By Beth Skarp
of us who are true Disney aficionados love decorating our nursery in
Disney themes in anticipation of our newest arrivals. Who can resist a
baby dressed in his or her first set of Mickey ears or adorable Disney
character outfit. I admit, my grown children were dressed as true
Disney babies and my husband and I adored doing this, much to the
chagrin of my children.
rumor used to be floating around that “if” a baby was born anywhere on
Disney property, the infant would receive a lifetime pass to Disney.
This is truly an Urban Legend. I mean, think about it. If this were
the case, expectant Mother's would be lined up all around the Magic
Kingdom in hopes of delivering their child or children—all in hopes of
obtaining a Lifetime Pass for them. Talk about a logistical nightmare!
One infant actually has an official Disneyland Birth Certificate and was
literally born on Main Street USA. On July 4th of 1979, in an
overcrowded park on a stifling hot day, Rosa and Elias Salcedo of Los
Angeles were trying their best to enjoy their visit despite the fact
that Rosa was in the final term of her pregnancy. Why anyone would go so
close to their due date is beyond me. Yes, I have gone to Disneyland
while several months pregnant and actually had an enjoyable time.
However, I have never gone anywhere close to my delivery date.
sitting down to rest on a bench behind the Plaza Inn, Rosa went into
labor unexpectedly. The baby was in a rush to be born, coming much
faster than either Rosa or Elias expected. Rushing off to the hospital
was not practical for Rosa or her unborn child. Medics were called in
to assist Rosa, and “Princess” Teresa Salcedo was born, just a few steps
from Main Street USA.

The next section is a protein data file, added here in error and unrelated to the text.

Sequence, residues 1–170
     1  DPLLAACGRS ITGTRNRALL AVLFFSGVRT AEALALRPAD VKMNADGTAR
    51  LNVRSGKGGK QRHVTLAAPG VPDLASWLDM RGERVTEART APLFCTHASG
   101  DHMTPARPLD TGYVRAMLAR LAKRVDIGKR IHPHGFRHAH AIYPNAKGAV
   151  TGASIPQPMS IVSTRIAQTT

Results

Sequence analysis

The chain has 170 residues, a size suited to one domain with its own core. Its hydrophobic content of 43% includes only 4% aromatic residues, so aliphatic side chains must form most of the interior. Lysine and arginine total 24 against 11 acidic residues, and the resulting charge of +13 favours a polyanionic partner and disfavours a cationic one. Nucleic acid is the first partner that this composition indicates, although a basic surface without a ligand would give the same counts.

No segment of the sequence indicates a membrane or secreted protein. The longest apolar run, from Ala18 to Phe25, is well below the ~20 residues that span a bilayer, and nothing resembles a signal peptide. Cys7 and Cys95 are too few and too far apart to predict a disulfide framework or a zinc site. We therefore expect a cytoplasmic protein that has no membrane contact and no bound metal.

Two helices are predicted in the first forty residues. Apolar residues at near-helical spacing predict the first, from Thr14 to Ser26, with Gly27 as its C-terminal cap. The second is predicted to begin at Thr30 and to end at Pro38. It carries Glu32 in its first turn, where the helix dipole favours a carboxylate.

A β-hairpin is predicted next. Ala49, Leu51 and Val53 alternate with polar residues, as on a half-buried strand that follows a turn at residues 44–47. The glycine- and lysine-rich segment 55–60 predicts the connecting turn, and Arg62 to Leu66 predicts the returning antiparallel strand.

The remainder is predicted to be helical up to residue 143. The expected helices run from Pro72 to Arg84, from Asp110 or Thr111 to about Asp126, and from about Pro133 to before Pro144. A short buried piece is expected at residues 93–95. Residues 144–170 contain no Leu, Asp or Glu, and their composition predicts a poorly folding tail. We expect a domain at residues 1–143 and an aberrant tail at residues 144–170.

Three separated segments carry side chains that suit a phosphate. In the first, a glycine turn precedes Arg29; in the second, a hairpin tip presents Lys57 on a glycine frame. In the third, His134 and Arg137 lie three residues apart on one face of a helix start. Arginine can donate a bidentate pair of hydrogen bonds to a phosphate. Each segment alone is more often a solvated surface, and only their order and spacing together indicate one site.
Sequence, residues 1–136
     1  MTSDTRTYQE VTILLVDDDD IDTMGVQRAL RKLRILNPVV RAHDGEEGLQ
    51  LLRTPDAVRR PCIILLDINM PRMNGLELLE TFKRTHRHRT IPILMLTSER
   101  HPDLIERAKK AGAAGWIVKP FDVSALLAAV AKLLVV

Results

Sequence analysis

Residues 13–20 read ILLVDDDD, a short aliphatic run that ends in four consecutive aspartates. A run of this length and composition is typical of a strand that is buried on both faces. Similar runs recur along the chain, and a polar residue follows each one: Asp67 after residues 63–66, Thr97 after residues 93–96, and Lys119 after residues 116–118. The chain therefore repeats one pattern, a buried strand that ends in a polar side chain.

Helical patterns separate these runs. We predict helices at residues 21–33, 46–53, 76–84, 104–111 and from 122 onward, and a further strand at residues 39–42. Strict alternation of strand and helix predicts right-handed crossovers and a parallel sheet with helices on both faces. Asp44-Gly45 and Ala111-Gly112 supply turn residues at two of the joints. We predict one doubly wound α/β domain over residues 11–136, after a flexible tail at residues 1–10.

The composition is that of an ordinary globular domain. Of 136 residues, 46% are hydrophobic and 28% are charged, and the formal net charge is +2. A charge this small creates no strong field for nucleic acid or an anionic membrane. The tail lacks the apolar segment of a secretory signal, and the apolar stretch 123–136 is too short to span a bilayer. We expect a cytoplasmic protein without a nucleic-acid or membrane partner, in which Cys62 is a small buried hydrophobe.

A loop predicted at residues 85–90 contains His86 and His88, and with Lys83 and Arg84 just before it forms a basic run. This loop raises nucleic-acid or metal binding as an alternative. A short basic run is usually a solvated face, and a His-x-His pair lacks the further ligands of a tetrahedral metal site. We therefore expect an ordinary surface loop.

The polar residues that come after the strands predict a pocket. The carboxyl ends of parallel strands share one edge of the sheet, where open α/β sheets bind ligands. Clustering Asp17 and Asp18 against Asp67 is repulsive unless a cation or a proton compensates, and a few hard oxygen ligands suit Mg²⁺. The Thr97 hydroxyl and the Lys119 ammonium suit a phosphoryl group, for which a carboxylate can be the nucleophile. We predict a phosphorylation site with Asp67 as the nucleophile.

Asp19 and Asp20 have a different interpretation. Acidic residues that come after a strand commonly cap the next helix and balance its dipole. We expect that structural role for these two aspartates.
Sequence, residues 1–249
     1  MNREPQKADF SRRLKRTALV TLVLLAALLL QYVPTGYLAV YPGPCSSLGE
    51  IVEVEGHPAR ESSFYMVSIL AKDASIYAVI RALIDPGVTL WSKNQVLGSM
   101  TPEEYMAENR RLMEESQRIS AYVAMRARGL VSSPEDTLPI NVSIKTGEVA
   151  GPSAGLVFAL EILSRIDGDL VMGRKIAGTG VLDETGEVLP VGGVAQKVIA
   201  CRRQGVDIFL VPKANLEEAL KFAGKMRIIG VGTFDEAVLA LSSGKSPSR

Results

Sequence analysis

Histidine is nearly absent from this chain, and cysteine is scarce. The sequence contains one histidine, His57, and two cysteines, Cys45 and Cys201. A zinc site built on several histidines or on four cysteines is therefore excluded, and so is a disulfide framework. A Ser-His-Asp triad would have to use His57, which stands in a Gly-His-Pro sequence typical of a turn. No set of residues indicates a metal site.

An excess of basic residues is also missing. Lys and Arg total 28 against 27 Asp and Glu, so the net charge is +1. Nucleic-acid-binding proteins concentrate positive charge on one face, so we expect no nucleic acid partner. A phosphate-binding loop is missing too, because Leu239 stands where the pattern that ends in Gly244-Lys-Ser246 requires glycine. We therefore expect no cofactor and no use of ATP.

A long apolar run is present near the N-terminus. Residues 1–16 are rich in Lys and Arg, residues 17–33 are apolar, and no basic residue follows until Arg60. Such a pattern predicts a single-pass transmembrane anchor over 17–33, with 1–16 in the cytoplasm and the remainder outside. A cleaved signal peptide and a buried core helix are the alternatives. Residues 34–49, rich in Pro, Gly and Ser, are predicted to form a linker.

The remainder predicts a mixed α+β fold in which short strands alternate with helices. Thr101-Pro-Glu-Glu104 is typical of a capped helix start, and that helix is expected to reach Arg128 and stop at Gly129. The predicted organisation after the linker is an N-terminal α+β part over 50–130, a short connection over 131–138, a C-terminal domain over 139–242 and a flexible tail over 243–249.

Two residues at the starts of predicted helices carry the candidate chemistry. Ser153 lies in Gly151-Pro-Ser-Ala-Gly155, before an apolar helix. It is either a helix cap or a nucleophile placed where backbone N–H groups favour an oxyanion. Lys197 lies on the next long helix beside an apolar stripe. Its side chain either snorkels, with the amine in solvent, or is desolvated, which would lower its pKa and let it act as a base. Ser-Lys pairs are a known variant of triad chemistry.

all true Princesses, Teresa was a small and petite girl in size but
born perfectly healthy. Mother Rosa and newly born Princess Teresa were
then transported to the local Medical Center to be checked out.
few months later, in a special ceremony in front of Sleeping Beauty
Castle, Teresa Salcedo was presented with “Disneyland Birth Certificate
Number One”. The family happily posed with Mickey, Minnie, Donald, Goofy
and Pluto—better known as the Fab Five.
this celebration coincided opening of Big Thunder Mountain Railroad
which occurred in September as well. This was the first time in
Disneyland's 24 year history that a child had been born inside the park,
but not the first time that a child had been born literally on
Legend, Ron Dominguez, has more of a connection to Disneyland than
others. I recently learned that the Dominguez family owned much of the
property that Walt bought for Disneyland in the early 1950's. Ron, his
mother and his brother were all born in the area that is now New
Orleans Square, Club 33, the Blue Bayou, and the Pirates of the
Caribbean. The Dominguez family “home” later became offices for Walt's
staff. Ron Dominguez still bills himself as a
"Native-Disneyland-American" a nationality few can claim.
will, of course, be other babies born in Disney Resorts and Parks.
Only Teresa Salcedo has the Disneyland Birth Certificate to prove this.
And yes, only one can be called the “"Native-Disneyland-American". All
others will have just a story to tell (and will have to pay full price
like everyone else to visit their special birthplace).
Disney Birth Certificates are no longer issued (to the best of my
knowledge), you can send Disney a birth announcement of your new baby
and you will receive a Happy Birthday Response back from them. I have
done this for all three of my children—and each one is unique and
different. My grown children have their respective Disney Happy
Birthday Responses, so I don't have them to post a picture for you.
can send your child's birth announcement to either
California(Disneyland) or Florida (Walt Disney World). Below are the
Mickey and Minnie Mouse
Walt Disney World
1675 N Buena Vista Dr
Lake Buena Vista, FL 32830
– or --
Mickey and Minnie Mouse
The Walt Disney Company
500 South Buena Vista Street
Burbank, California 91521